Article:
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Unpacking the Anger I Feel for My Now-Former Senator Claire McCaskill

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I am very angry at Claire McCaskill.

I moved from Los Angeles to Kansas City, Missouri just over a year ago, and the recent midterm elections were my first major political event in my new state. There were a few campaigns I really cared about, but McCaskill’s re-election was where I put the majority of my efforts. I donated, I made phone calls, I canvassed. While McCaskill’s stances on pretty much every single issue are certainly more centrist than mine, her voting record on women’s reproductive rights has always been strong (far stronger than the language she uses around the subject) and in a red state like Missouri, she’s basically a dream candidate over someone like her opposition, Republican Josh Hawley.

And then, just days before the election, in what had become a neck-and-neck race with Hawley, McCaskill went on Fox News and insisted that she wasn’t “one of those crazy Democrats”–a statement also put forth in one of her campaign ads. What exactly is a “crazy Democrat”? Well, she cited Elizabeth Warren and Bernie Sanders by name, but she also used as an example, people who “walk into restaurants and scream in elected officials’ faces.”

We’ve been seeing a wave of American who feel brave enough to confront their elected officials in public settings. What Claire, like most Republicans, don’t acknowledge about these situations is that they are not about politics as usual. The people who confront Ted Cruz in a restaurant or Jeff Flake in an elevator are doing so over extreme issues–the horrific treatment of immigrants and asylum seekers, or the appointment of an alleged abuser to the supreme court. (And most often, these are the politicians who refuse to engage with their constituents in designated forums like Town Halls.) And Claire McCaskill threw them under the bus–not fellow politicians, but Democratic voters.

“I am not someone who thinks we should ever be uncivil,” she said, pushing the false narrative that Democrats’ reactions to Republicans’ atrocious acts are more to blame for the division between parties that those acts themselves.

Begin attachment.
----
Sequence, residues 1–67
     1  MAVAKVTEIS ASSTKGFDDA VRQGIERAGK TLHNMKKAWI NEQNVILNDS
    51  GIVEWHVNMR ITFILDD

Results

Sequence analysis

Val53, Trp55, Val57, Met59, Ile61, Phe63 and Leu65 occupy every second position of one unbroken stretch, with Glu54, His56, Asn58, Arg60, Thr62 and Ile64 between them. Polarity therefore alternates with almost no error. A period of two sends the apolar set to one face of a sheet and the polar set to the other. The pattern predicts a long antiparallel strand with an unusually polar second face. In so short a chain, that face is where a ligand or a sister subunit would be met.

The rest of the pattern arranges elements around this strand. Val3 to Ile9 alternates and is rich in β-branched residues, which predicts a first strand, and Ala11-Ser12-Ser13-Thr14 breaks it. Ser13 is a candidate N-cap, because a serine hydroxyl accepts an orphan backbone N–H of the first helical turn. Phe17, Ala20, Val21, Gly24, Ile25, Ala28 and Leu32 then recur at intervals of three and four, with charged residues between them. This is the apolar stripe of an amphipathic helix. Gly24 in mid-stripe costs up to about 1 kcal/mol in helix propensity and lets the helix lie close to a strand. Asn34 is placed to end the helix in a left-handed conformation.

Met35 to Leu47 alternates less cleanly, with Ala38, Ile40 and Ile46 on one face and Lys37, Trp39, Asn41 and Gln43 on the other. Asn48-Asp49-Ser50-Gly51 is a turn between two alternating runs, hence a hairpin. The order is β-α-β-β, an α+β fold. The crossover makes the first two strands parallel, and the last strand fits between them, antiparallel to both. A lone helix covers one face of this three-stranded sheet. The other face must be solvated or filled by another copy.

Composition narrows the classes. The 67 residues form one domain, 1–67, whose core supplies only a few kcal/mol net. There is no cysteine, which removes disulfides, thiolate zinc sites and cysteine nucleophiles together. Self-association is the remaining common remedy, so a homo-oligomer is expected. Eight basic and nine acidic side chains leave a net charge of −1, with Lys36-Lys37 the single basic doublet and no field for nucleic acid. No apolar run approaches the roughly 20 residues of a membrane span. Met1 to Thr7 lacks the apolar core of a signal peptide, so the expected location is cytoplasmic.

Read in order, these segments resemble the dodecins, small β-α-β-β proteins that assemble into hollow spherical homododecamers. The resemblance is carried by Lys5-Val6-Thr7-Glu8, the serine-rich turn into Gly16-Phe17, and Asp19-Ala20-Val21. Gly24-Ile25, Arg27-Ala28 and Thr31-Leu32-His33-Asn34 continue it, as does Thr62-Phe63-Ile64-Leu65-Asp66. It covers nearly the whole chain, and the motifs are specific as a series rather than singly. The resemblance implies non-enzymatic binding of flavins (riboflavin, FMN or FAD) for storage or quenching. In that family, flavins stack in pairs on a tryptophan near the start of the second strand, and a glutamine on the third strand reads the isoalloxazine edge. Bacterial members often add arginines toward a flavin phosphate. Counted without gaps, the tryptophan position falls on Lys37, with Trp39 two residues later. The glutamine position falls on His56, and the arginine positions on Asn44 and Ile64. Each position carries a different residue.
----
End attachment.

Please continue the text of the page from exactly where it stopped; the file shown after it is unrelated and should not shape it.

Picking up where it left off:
McCaskill was in a tight race, and rather than engage with voters who feel alienated by the Democratic party–young voters, POC, etc–she went begging for Fox News votes, selling out regular Americans in the process.

I was disheartened, but I was still going to vote for her. Sure, I longed for a Beto or an Ocasio-Cortez–someone I could be excited to vote for, rather than just an opponent I was motivated to vote against. But the alternative was Hawley, a duplicitous, opportunistic slimeball, and voting for McCaskill was a practical choice at a time when we needed to be making practical choices for our net good.

McCaskill didn’t win, which was a huge blow. But while many of us were upset with Claire for pandering to Fox News viewers, she was apparently upset with us for abandoning moderates.

“This demand for purity, this looking down your nose at people who want to compromise, is a recipe for disaster for the Democrats,” she said Thursday in an interview with NPR. “Will we ever get to a majority in the Senate again, much less to 60, if we do not have some moderates in our party?” Considering she was about as moderate as a person can be, and she wasn’t re-elected, in an election when young progressives swept the House … Maybe we will.

But no quote from Claire McCaskill has ever made me more angry than this one:

“I think I can really help other women understand that really difficult balance you have to have as a woman of being strong and opinionated, but very careful that you don’t go too far over the line so that you’re in the ‘B-word’ territory,” she told NPR (via Business Insider).

“That’s a really hard balance, and a lot of that has to do with being willing to be self-effacing and have a sense of humor,” she added, saying that it’s “awful” women are held to such a double standard, but that she’s “just being realistic.”

Yes, women are held to a double standard, but we should be encouraging young women, all women, and good men to combat that hypocrisy, not to lean into it. More and more strong women are being elected to public office, and what kind of advice is it to start retreating, to play by the old rules forced on us for so long? These patriarchal systems, like Republicans, keep moving the goal posts whenever women or progressives gain ground. People like McCaskill insist on meeting them on their own perpetually unfair terms. The rest of us think we can be smarter and stronger than that.

I admit I’m new to this state. But I don’t know anyone who expected “purity” from Claire McCaskill. We knew she was on our side, even if she used language that felt deliberately tepid so as not to alienate anti-abortion voters. But based on these recent post-election interviews, maybe we were wrong.

It was disappointing when she lost re-election, but it’s even more disappointing in watching her go out in a blaze of backwards-thinking blame-game awfulness.

(image: Scott Olson/Getty Images)

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Author
Vivian Kane
Vivian Kane (she/her) is the Senior News Editor at The Mary Sue, where she's been writing about politics and entertainment (and all the ways in which the two overlap) since the dark days of late 2016. Born in San Francisco and radicalized in Los Angeles, she now lives in Kansas City, Missouri, where she gets to put her MFA to use covering the local theatre scene. She is the co-owner of The Pitch, Kansas City’s alt news and culture magazine, alongside her husband, Brock Wilbur, with whom she also shares many cats.